As will be appreciated by those skilled in the art, the transmission of the signal from the video camera 14 through the image processing electronics 16 and the laser scan control electronics 18 occurs in real time so that the low contrast negative mask is traced by the laser on the liquid crystal valve during the time that the film camera 10 is recording the image. Consequently, because the low contrast method of operation takes place in real time and the high contrast matte forming mode of operation is the result of the signals recalled from the memory, both techniques can be used simultaneously, thus permitting the matting of images at the same time that the contrast control is also being achieved.
The light valve, previously described as a smectic liquid crystal device, may, in another configuration, be a high-resolution graphic plotter device if the function of the system is limited to compositing images that already exist on a transparent photographic medium such as pre-existing lengths of motion picture film. FIG. 6 illustrates such an embodiment of the present invention. In this configuration the surface of the paper (or similar suitable material) in the plotter 30 is strongly illuminated by an external source of light. The surface of the paper in the plotter is at one congugate of the imaging lens 32, and the image of the paper at the other congugate is made to coincide with the position of the image on the pre-existing transparent photographic medium 34 to be rephotographed by the film camera 10.
By this arrangement the surface of the paper in the plotter 30 acts as the light source for the transparent photographic medium illuminated at position 34, since the light reflected from the surface of the paper is focused at this position, and is the only light allowed to illuminate the transparent photographic medium placed at this postion. In this configuration the light valve plotter 30 acts by selectively modulating the light before it illuminates the transparent photographic medium at 34, rather than modulating the light that has already passed through the transparent photographic medium, as would be the case with the liquid crystal light valve. Any image formed on the paper in the plotter 30 is re-imaged at position 34. Since little or no light is reflected from the dark areas of the image formed on the paper, the corresponding areas of the transparent photographic medium at 34 remain unilluminated, and consequently do not register as an exposure in the corresponding areas in film camera 10.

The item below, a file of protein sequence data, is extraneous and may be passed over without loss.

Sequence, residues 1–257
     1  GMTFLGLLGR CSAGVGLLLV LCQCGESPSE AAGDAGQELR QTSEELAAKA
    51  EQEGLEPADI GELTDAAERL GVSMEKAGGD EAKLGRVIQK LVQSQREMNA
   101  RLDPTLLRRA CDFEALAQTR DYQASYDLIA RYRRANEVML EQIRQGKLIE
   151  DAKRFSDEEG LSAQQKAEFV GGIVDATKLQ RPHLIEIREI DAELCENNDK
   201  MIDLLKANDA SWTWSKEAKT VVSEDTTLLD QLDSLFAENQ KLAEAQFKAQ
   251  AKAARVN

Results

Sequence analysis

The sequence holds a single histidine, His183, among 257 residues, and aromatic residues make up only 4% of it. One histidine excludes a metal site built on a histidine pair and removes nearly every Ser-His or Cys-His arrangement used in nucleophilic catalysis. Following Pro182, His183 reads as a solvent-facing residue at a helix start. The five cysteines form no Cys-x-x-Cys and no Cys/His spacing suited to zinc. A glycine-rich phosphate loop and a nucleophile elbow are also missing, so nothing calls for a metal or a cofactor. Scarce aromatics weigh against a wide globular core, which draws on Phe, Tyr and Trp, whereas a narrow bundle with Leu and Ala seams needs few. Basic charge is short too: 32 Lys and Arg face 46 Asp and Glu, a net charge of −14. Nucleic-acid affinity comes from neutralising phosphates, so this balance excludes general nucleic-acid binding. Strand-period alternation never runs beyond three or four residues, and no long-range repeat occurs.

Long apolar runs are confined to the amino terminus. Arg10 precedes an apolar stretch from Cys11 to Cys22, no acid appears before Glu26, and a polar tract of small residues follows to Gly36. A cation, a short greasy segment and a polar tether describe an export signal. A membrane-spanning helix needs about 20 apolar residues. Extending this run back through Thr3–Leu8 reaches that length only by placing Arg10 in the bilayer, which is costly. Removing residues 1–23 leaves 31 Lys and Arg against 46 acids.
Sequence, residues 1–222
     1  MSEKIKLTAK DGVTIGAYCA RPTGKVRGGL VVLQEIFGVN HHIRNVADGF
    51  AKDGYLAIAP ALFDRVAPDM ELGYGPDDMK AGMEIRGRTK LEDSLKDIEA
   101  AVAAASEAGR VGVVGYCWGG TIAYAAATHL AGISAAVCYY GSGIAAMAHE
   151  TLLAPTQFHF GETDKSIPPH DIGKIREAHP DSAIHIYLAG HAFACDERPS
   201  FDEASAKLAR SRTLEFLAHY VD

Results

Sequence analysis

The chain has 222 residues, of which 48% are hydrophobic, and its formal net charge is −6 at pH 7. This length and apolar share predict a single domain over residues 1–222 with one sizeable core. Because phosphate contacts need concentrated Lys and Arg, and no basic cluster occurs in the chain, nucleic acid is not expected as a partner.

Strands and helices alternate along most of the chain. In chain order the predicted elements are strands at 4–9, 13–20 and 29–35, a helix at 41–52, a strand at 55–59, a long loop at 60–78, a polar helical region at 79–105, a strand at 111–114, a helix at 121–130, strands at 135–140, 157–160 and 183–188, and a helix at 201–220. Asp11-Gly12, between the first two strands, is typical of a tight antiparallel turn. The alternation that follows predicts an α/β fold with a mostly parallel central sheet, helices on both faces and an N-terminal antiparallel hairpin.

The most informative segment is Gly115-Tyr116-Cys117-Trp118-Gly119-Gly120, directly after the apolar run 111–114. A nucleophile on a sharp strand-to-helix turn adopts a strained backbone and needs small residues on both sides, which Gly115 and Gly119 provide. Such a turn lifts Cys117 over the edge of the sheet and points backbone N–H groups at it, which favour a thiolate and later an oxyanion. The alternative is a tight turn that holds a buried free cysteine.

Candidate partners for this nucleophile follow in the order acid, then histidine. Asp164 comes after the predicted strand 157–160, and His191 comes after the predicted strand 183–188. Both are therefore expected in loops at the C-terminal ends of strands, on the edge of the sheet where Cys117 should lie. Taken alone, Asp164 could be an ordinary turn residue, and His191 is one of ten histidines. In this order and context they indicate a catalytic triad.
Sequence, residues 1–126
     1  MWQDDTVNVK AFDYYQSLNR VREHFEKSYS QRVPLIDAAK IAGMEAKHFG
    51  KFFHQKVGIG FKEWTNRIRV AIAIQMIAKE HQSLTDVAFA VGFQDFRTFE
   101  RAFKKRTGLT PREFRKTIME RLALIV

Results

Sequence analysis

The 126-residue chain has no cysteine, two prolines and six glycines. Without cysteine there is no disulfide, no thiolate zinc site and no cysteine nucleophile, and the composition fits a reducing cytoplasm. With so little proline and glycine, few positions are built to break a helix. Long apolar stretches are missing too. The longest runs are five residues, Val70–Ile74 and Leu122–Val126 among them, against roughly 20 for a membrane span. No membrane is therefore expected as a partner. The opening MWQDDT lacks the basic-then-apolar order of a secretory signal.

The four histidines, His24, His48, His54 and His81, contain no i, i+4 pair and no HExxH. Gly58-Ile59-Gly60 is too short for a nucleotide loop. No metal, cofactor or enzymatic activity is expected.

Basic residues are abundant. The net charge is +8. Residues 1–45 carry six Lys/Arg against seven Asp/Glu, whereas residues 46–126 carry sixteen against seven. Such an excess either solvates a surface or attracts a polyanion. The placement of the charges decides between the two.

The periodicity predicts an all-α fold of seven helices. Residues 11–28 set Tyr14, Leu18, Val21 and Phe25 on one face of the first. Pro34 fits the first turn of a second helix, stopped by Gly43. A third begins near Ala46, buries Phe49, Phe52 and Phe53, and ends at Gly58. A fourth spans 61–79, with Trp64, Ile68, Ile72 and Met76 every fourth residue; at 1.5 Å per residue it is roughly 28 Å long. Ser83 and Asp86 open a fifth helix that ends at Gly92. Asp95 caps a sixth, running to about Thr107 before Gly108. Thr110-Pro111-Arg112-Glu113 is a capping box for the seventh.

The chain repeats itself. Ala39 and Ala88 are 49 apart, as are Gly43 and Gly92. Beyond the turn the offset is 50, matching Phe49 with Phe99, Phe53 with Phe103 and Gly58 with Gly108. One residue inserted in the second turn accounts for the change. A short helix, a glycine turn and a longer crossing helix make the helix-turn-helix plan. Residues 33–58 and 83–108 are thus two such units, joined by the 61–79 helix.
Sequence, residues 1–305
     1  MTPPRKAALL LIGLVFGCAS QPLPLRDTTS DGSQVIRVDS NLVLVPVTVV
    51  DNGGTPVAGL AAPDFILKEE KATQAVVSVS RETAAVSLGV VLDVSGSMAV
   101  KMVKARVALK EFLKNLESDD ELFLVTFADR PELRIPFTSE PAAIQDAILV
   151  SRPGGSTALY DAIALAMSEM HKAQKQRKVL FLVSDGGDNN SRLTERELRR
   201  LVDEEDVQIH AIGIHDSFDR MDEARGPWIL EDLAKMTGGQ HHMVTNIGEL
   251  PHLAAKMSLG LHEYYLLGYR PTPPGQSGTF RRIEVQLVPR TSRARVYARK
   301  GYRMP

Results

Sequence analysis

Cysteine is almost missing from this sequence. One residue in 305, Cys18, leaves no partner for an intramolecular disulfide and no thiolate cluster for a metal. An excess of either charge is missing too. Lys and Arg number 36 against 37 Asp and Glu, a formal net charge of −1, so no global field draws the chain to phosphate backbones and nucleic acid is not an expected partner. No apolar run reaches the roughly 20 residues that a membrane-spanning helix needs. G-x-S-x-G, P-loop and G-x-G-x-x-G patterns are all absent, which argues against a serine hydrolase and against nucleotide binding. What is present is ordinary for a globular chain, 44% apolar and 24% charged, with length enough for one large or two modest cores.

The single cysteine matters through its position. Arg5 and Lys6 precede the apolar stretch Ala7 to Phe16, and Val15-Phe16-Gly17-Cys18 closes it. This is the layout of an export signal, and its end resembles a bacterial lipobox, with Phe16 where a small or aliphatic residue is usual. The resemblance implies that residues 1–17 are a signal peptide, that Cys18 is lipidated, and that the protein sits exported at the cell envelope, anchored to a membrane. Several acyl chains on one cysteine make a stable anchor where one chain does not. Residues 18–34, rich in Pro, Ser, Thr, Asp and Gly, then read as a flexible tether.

The operation of this configuration of the present invention parallels the operation previously described, with these principle modifications: The signal from the video camera 14 and the image processing electronics 16 controls the pen positioning and actuating electronics 36 rather than the laser scan electronics 18; the pen 38 replaces the function of the laser 20 in forming the image on the light valve; the image is formed on the paper in the plotter 30 rather than on the smectic liquid crystal screen 22; and, the signal from the video camera 14 is stored as a real image on the paper in the plotter 30 rather than as electrical information in the memory of the image processing electronics 16. The sequence of operation in this embodiment of the present invention is essentially the same as the sequence of operation previously described. FIGS. 2 through 5 represent equally well the appearance of the mattes formed for subsequent images on the same frame by this embodiment of the present invention. Mattes for successive frames are formed on separate pieces of paper or on separate areas of a roll of paper, and are precisely repositioned in their original locations in the plotter light valve as successive frames are reproduced by film camera 10.
Both high and low contrast images can be formed on the paper in the plotter light valve 30, and this configuration can therefore be used in both the image compositing and the contrast control modes of operation previously described.
It will be understood that various changes and modifications can be made in the details of apparatus and use without departing from the spirit of the invention, especially as defined in the following claims.
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|U.S. Classification||352/89, 352/47, 352/87|
|17 Jan 1989||FPAY||Fee payment|
Year of fee payment: 4
|29 Aug 1993||LAPS||Lapse for failure to pay maintenance fees|
|16 Nov 1993||FP||Expired due to failure to pay maintenance fee|
Effective date: 19930829